Women in tech: the patriarchy problem

Women leading the way in tech face enough challenges. The patriarchal attitudes of some colleagues, clients and bosses are a challenge they can do without.
14 March 2023

Women in tech – belonging where they want to be.

Women in tech are severely underrepresented. We spoke to three women who started their own cyber-businesses in the UK, and then got help from a cyber-specific business accelerator program called Cyber Runway, run by a company called Plexal.

We asked Clare Ryan, CEO at ITUS Secure Technology, Sarah Knowles, CEO at Shift Key Cyber, and Melissa Chambers, CEO at Sitehop, for their views on the current world of cyber – and the industry’s attitudes towards women in tech.

In Part 1 of this article, the cyber-founders explored the situation with what they called “the pipeline” – the constricted numbers of girls and young women coming into tech in the first place, because so many are dissuaded against such technical pathways, despite having as much aptitude as boys and young men.

That has led to a situation where, for instance, when hiring engineers, they are faced with 100 male applicants and one woman – meaning the odds are stacked against every single woman trying to break into the industry.

At the end of Part 1, the founders had started to talk about the realities of patriarchal behavior patterns within the industry.

Belonging at the top.


I’ve worked really, really hard to get to where I am. And I’ve been in the environment where it was me and 50 male engineers, and I got shunned. I wasn’t part of the boys’ club. I had to work twice as hard. And of course, I worked twice as hard – which meant I rose through the ranks quicker than the boys did.

So now I’m here, I’m not afraid to say I belong here.


It sounds like the boys’ clubs were trying to impose Imposter Syndrome on you from the outside – “You’re not part of this, you’re not part of us.”


Very much so. You see it when you’re the only woman on the team. Your opinions get overlooked, you’ve got to be twice as good to get half the recognition. You have to put yourself above the parapet to be noticed.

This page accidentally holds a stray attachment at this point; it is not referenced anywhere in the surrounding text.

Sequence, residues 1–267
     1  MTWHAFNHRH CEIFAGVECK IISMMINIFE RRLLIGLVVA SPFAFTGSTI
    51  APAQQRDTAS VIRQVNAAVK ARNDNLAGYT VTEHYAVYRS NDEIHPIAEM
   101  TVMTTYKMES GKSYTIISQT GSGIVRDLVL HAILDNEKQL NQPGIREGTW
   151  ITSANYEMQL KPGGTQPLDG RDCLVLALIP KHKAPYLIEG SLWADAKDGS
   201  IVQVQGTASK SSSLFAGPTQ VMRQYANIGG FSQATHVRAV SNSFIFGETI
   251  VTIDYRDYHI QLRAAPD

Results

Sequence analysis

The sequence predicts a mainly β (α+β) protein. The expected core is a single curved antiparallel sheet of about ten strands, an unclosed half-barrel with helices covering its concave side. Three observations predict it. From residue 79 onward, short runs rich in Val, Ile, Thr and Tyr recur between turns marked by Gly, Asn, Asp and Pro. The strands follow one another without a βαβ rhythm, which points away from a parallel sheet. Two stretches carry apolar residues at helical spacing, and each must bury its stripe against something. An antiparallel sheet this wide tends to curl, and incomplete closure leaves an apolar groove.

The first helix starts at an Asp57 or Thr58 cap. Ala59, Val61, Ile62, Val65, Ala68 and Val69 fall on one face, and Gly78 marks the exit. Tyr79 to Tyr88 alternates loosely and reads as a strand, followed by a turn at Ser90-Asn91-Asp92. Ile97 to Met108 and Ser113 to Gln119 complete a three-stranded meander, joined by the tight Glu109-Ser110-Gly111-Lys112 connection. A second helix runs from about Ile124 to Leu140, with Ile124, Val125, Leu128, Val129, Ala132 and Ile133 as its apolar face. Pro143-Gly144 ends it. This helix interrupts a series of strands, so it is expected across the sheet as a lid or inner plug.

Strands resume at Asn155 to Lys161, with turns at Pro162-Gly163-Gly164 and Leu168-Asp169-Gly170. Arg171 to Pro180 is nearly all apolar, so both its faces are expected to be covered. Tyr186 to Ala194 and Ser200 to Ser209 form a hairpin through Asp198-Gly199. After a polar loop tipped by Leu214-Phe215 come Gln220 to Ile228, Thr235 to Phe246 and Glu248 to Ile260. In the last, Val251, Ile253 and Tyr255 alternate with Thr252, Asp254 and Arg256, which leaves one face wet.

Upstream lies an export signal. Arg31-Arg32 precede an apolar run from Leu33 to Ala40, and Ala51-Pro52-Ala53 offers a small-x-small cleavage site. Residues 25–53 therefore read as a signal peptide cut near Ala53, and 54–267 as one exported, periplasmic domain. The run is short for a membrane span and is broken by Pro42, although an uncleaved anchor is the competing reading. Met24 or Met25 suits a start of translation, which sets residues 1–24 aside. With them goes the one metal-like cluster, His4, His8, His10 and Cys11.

It doesn’t always work out, though. I left my last job because of a situation where I’d had startup experience, I knew what I was doing. I wasn’t put in the senior role that I should have been in, but I was like, “Fine, you’ll see that what I can do.”

And then I was told to train the person above me. And I was like, “Okay…”

So it finally got to point where there was a big team meeting and the whole team was there – it was all men and me. And literally just as I was saying “This is what we need to do, this is the approach we need to take, and this is why,” he just shut me down. I mean, absolutely just talked over me, spoke really poorly to me.

And when I elevated it to a (female) director, she basically just told me to suck it up.

At that point, I decided I was out.


“What’s that, you say? No no, you suck it up, I’m out of here.”


Yeah – I knew I didn’t deserve to be treated that way. I knew what I was doing, but companies are going to lose women if they keep treating us like that.


Result – now you have your own startup!

Bad practice.


I worked at a large organization, I was the most experienced person, more or less told that there was going to be a managerial role. It was mine, I just needed to demonstrate that I could do the work, build the team, and so on. So I did all of that, ready for the promotions to be announced.

And then they put a guy in ahead of me who was less experienced.

I left shortly after that.


It doesn’t get much more obvious than that.